Nineteen workers at the nation’s biggest bottle manufacturer, in Taichung, were prosecuted yesterday for discharging gases with volatile organic compounds (VOCs) and underreporting emissions, while the firm was required to pay pollution fees of more than NT$125.86 million (US$4.06 million).
The Environmental Protection Administration (EPA) and the Taichung District Prosecutors’ Office yesterday issued separate statements on the case to tout their joint effort in the case.
The prosecutors’ office said that the investigation was closed on Sept. 20, and 19 workers were prosecuted, including the company’s owner, surnamed Tai (戴), and its general manager, surnamed Tsao (曹).
Photo: Chang Jui-chen, Taipei Times
While the company was only named by its first Chinese character, Hung (宏), in the prosecutors’ office’s statement, local media reported that it is the nation’s largest manufacturer of beverage bottles.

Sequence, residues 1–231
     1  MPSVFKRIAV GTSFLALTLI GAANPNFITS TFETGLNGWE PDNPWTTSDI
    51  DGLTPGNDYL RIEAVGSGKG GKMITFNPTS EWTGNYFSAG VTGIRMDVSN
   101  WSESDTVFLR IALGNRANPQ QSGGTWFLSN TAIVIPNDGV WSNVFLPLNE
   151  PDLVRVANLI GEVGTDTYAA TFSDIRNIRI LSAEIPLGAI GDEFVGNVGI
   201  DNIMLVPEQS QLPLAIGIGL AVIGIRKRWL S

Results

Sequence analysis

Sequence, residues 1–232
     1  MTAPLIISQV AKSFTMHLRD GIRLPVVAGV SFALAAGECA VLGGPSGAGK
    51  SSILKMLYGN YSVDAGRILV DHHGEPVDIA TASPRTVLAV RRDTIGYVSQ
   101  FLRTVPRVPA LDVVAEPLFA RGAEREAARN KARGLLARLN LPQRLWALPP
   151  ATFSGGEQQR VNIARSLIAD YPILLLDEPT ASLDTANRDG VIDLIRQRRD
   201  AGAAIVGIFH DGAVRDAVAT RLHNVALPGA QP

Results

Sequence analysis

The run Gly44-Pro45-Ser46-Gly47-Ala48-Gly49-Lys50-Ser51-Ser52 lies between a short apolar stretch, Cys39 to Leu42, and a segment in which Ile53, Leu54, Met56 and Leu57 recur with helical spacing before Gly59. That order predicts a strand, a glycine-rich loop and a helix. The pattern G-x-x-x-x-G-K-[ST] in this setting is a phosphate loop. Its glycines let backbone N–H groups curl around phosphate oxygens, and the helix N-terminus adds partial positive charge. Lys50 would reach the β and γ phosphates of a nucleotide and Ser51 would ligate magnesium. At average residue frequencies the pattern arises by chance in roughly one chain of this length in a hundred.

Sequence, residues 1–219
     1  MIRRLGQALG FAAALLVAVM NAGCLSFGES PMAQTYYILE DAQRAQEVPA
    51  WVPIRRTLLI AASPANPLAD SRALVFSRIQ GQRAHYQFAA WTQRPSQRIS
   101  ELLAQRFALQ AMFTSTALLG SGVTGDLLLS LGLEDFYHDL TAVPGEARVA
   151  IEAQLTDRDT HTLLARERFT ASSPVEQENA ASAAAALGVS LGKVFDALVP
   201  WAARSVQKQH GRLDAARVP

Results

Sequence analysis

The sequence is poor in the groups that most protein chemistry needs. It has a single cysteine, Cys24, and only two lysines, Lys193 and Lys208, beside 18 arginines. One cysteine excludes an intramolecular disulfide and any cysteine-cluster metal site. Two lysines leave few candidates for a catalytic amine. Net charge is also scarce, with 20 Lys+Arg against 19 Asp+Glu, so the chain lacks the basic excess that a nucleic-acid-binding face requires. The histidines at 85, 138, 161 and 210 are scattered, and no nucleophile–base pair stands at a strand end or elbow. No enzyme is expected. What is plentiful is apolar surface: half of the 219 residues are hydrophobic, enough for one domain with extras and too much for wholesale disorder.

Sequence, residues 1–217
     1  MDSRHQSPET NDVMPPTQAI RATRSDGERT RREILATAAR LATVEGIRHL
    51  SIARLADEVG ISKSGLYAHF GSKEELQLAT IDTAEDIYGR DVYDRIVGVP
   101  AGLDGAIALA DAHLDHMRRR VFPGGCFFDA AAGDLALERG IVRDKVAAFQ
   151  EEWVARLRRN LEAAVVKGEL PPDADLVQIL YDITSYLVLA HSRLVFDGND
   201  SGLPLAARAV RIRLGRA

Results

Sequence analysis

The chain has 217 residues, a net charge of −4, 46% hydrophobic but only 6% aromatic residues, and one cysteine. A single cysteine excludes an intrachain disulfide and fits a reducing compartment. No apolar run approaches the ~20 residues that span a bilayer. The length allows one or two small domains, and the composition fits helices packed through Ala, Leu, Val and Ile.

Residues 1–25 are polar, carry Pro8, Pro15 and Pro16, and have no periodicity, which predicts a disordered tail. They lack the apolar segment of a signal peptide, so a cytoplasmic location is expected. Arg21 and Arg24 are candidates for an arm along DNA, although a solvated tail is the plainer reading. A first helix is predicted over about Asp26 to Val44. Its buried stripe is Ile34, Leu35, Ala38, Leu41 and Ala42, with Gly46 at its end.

The company was found to have intentionally underreported the amount of printing ink and organic solvents used in certain manufacturing processes from 2011 and to have profited through fraud, contravening the Air Pollution Control Act (空氣污染防制法) and the Criminal Code, the prosecutors’ office said.
The EPA said that it worked with the Taichung Environmental Protection Bureau to monitor the company’s emissions and gathered sufficient evidence for prosecutor Chou Pei-ying (周佩瑩) to inspect the company in September last year.
To save on operation costs, the firm had deliberately turned off its air pollution control facilities, turning them back on during inspections, the EPA said, adding that it discharged gases with VOCs into the air without proper treatment.
The bureau has asked the firm to pay air pollution fees totaling more than NT$125.86 million that it should have paid over the past five years, the EPA said.
Due to its improper operation of pollution control facilities, the company could face a fine of up to NT$20 million under the act, the EPA said, adding that the prosecuted employees could face up to five years in jail.
The act underwent a major overhaul in August last year, with fines for major contraventions being hiked, the EPA said, warning firms not to pollute the environment just to save money.
Additional reporting by Chang Jui-chen
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